consumer technology use context.
Building on the past extensions to UTAUT, the objective of
our work is to pay particular attention to the consumer use
context and develop UTAUT2. Compared to general theories,
in more recent years, theories that focus on a specific context
and identify relevant predictors and mechanisms are considered to be vital in providing a rich understanding of a focal
phenomenon and to meaningfully extend theories. Specifically, both Johns (2006) and Alvesson and Kärreman (2007)
note that new contexts can result in several types of important
changes in theories, such as rendering originally theorized
relationships to be nonsignificant, changing the direction of
relationships, altering the magnitude of relationships and
creating new relationships. Each change can reveal the breakdown of theories that results in the creation of new knowledge
(Alvesson and Kärreman 2007). In the case of UTAUT,
which was originally developed to explain employee technology acceptance and use, it will be critical to examine how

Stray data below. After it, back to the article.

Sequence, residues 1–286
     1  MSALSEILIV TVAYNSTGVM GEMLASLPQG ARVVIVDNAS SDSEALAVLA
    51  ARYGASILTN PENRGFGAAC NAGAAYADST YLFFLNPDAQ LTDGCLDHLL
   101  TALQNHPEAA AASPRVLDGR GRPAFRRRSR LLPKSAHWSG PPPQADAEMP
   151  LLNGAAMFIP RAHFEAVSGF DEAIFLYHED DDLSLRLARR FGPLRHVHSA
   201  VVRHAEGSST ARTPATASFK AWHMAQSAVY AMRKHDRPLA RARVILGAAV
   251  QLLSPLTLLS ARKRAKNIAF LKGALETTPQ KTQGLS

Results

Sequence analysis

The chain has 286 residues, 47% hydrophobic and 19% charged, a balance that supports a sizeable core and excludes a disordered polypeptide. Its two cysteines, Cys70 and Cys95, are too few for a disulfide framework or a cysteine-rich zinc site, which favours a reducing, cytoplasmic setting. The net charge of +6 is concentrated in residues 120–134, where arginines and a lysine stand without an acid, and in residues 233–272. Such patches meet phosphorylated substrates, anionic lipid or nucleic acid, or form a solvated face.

it can be extended to other contexts, such as the context of
consumer technologies, which is a multibillion dollar industry
given the number of technology devices, applications, and
services targeted at consumers (Stofega and Llamas 2009).
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MIS Quarterly Vol. 36 No. 1/March 2012
Against this backdrop, the study of the boundary conditions
and extensions to UTAUT in a consumer context represents
an opportunity to make an important theoretical contribution.
Specifically, in the context of technology adoption, detractors
and proponents of models, such as the technology acceptance
model (TAM), have noted the need to expand the space of
theoretical mechanisms (see Bagozzi 2007; Benbasat and
Barki 2007; Venkatesh et al. 2007).
This paper presents UTAUT2 by identifying key additional
constructs and relationships to be integrated into UTAUT,
thus tailoring it to a consumer use context. In keeping with
the general ideas outlined by Alvesson and Kärreman (2007)
and by Johns (2006) about how to extend a theory by leveraging a new context, and the ideas presented in the Journal of
the AIS special issue on TAM (e.g., Bagozzi 2007; Venkatesh
et al. 2007), we accomplish this goal by (1) identifying three
key constructs from prior research on both general adoption